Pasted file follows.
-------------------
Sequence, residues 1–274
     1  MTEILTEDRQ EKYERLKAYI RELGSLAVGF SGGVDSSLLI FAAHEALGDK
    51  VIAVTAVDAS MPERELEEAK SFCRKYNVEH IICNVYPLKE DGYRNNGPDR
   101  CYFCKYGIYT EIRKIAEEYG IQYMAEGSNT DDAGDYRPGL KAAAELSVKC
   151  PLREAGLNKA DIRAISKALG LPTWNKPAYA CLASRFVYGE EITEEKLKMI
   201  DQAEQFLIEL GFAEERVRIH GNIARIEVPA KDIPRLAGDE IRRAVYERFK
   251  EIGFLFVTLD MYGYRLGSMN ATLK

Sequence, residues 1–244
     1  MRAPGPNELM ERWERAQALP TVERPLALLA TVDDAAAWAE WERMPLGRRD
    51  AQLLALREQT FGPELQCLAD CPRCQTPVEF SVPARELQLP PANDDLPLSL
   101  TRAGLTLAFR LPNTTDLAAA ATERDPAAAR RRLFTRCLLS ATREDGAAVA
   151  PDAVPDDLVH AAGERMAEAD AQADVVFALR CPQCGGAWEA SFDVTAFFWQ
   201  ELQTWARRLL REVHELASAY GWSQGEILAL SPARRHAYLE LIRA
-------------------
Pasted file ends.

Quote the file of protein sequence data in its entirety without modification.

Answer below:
Sequence, residues 1–274
     1  MTEILTEDRQ EKYERLKAYI RELGSLAVGF SGGVDSSLLI FAAHEALGDK
    51  VIAVTAVDAS MPERELEEAK SFCRKYNVEH IICNVYPLKE DGYRNNGPDR
   101  CYFCKYGIYT EIRKIAEEYG IQYMAEGSNT DDAGDYRPGL KAAAELSVKC
   151  PLREAGLNKA DIRAISKALG LPTWNKPAYA CLASRFVYGE EITEEKLKMI
   201  DQAEQFLIEL GFAEERVRIH GNIARIEVPA KDIPRLAGDE IRRAVYERFK
   251  EIGFLFVTLD MYGYRLGSMN ATLK

Sequence, residues 1–244
     1  MRAPGPNELM ERWERAQALP TVERPLALLA TVDDAAAWAE WERMPLGRRD
    51  AQLLALREQT FGPELQCLAD CPRCQTPVEF SVPARELQLP PANDDLPLSL
   101  TRAGLTLAFR LPNTTDLAAA ATERDPAAAR RRLFTRCLLS ATREDGAAVA
   151  PDAVPDDLVH AAGERMAEAD AQADVVFALR CPQCGGAWEA SFDVTAFFWQ
   201  ELQTWARRLL REVHELASAY GWSQGEILAL SPARRHAYLE LIRA